# this is where a paragraph is checked for the pattern
  :para
  # return the entire paragraph into the pattern space
  x
  # look for the pattern, if there - print
  /'$yesterday_date'/ p
' "$did_file"

The main sed command is adapted from http://www.grymoire.com/Unix/Sed.html#toc-uh-58 (that page is a great tutorial on sed). It collects the lines of each paragraph together, and prints out the paragraphs that contain yesterday’s date.

Also of note is that this script uses gdate, which is the GNU version of date that has more features than the date command that ships with OSX. You can install that with brew install coreutils (which installs a bunch of other GNU stuff, more info here).

$ yesterday
Items from yesterday, 2018-12-21:

2018-12-21 17:07:23 Friday
- fix ssh-config for the new home network

2018-12-21 15:51:48 Friday
- fix rate-limiting of notion installer
...

Add single entries from the command line

Most of the time I’m only adding one line, and there’s really no need for me to go into vim. So I should just be able to add the entry on the command line. That’s easy enough to do in the script.

timestamp="$(date +"%Y-%m-%d %H:%M:%S %A")"
message="$1"
echo -e "$timestamp\n- $message\n\n$(cat $did_file)" > "$did_file"

Now I can type this in on the command line.

$ did "adding a single entry to the did file"

Which is nice, but I would like a little feedback about what was just added. So I added a sed command to print out everything up to the first blank line.

sed -n -e '/^$/ q' -e 'p' "$did_file"

That suppresses printing the lines automatically, and quits once it hits the first blank line (without printing it out). Otherwise it prints every non-blank line up to then.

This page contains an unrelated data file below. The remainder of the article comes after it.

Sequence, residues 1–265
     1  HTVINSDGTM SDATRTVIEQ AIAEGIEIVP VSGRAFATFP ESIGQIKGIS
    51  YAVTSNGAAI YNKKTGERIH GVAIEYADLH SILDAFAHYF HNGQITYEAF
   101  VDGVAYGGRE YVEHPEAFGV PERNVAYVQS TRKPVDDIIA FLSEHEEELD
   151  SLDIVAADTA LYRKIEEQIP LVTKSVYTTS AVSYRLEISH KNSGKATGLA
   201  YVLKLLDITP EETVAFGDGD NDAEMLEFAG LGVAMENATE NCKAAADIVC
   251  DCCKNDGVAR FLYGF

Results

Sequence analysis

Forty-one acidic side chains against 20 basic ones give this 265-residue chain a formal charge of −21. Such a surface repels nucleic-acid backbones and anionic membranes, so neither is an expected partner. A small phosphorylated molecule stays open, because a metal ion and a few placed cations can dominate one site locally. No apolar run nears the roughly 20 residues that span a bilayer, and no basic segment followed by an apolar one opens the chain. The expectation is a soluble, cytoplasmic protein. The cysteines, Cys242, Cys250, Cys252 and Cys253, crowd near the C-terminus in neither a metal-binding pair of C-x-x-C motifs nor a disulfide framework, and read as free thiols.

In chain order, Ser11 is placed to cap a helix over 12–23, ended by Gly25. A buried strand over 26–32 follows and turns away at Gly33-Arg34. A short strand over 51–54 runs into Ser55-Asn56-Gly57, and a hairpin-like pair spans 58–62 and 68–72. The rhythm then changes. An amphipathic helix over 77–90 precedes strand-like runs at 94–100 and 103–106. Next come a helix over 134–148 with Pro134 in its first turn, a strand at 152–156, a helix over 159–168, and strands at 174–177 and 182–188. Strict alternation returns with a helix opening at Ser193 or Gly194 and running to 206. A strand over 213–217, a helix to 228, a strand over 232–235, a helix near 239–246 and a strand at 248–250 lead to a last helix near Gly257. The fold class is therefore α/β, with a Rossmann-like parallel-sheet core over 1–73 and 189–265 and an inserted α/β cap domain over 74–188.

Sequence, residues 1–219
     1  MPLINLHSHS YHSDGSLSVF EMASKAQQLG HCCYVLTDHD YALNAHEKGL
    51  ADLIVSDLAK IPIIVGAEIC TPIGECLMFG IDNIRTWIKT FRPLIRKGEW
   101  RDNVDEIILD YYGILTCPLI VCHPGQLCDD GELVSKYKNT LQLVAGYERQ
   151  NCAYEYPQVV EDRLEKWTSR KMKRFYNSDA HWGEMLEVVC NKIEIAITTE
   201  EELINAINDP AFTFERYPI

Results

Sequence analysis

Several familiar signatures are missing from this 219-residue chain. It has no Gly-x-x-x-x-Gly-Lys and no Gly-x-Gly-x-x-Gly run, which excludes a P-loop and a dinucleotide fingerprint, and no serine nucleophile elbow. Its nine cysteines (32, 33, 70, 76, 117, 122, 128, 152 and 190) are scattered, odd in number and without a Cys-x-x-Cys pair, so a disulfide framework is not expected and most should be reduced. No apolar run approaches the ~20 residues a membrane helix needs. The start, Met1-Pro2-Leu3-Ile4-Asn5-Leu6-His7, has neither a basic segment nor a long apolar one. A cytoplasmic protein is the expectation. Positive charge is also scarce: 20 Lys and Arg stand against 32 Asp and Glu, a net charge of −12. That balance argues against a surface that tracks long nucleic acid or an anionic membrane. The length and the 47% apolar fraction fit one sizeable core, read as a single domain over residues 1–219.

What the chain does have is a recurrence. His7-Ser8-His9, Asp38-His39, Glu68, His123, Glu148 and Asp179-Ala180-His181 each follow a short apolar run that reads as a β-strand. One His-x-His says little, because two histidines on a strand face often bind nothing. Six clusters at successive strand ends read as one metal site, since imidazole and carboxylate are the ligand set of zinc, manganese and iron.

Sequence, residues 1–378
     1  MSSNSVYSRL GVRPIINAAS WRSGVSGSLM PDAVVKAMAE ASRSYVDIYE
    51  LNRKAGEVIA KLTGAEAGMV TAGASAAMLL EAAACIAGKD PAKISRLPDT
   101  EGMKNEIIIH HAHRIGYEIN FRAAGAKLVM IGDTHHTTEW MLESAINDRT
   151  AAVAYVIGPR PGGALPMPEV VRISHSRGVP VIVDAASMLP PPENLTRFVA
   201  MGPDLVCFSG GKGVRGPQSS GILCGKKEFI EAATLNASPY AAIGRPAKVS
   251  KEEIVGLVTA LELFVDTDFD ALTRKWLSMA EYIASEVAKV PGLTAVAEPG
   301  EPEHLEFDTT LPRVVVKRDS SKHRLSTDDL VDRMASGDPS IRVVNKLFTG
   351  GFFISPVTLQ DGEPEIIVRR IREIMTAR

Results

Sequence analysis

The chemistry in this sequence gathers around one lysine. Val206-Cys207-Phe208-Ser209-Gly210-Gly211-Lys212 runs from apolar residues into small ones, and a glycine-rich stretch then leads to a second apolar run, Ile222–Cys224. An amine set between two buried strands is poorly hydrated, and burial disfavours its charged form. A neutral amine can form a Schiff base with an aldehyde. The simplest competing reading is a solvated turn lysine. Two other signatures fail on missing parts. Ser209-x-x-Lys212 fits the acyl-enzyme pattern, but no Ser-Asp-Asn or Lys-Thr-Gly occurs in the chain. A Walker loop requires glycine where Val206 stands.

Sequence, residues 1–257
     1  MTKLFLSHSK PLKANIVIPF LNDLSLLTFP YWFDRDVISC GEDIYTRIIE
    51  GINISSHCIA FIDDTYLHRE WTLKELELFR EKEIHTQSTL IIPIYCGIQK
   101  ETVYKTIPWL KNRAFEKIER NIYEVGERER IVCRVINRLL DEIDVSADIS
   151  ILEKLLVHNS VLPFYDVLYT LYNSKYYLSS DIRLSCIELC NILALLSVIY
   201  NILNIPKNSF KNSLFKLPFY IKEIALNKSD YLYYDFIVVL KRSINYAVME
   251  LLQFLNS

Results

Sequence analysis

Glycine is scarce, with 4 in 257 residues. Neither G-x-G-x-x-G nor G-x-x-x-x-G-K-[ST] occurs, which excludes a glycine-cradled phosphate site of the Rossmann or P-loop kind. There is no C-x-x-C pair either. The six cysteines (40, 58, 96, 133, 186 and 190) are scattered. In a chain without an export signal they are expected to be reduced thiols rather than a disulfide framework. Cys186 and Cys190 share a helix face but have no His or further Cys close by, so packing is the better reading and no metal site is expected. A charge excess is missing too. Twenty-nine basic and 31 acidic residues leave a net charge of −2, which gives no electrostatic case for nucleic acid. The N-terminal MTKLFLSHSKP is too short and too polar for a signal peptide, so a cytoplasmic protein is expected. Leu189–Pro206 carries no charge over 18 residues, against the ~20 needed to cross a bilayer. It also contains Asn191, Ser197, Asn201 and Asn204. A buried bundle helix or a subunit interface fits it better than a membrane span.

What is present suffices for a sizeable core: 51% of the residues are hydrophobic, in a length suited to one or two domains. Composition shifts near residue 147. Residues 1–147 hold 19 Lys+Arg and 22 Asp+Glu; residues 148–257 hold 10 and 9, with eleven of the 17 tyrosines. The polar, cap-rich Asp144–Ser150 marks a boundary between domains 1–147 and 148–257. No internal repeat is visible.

$ did "adding entries on the command line"

2018-12-26 15:28:17 Wednesday
- adding entries on the command line

Much better.

The full scripts

Instead of a simple alias I now have two more complicated scripts.

Log what I did today:

did
#!/usr/bin/env bash
did_file="$HOME/Dropbox/doc/did.txt"
timestamp="$(date +"%Y-%m-%d %H:%M:%S %A")"

if [ -n "$1" ]
then
  # log the entry from the command line
  message="$1"
  echo -e "$timestamp\n- $message\n\n$(cat $did_file)" > "$did_file"
else
  # no entry input, do this in vim
  vim +"normal O$timestamp" +'normal o' +'normal ggo-  ' +startinsert "$did_file"
fi

# then show what I just added to that file - print everything up to the first blank line in the file
echo ""
# don't print automatically
# once it hits a blank line quit (without printing the blank line)
# otherwise print the non-blank line
sed -n -e '/^$/ q' -e 'p' "$did_file"

Show what I did yesterday:

yesterday
#!/usr/bin/env bash

yesterday_date="$(gdate -d '1 day ago' +"%Y-%m-%d")"
echo "Items from yesterday, $yesterday_date:"

did_file="$HOME/Dropbox/doc/did.txt"

# print all the entries matching yesterday's date
# (from http://www.grymoire.com/Unix/Sed.html#toc-uh-58)
sed -n '
  # if an empty line, check the paragraph
  /^$/ b para
  # else add it to the hold buffer
  H
  # at end of file, check paragraph
  $ b para
  # now branch to end of script
  b
  # this is where a paragraph is checked for the pattern
  :para
  # return the entire paragraph
  # into the pattern space
  x
  # look for the pattern, if there - print
  /'$yesterday_date'/ p
' "$did_file"

It’s a little more code, but it makes things a little easier, so I’m ok with that.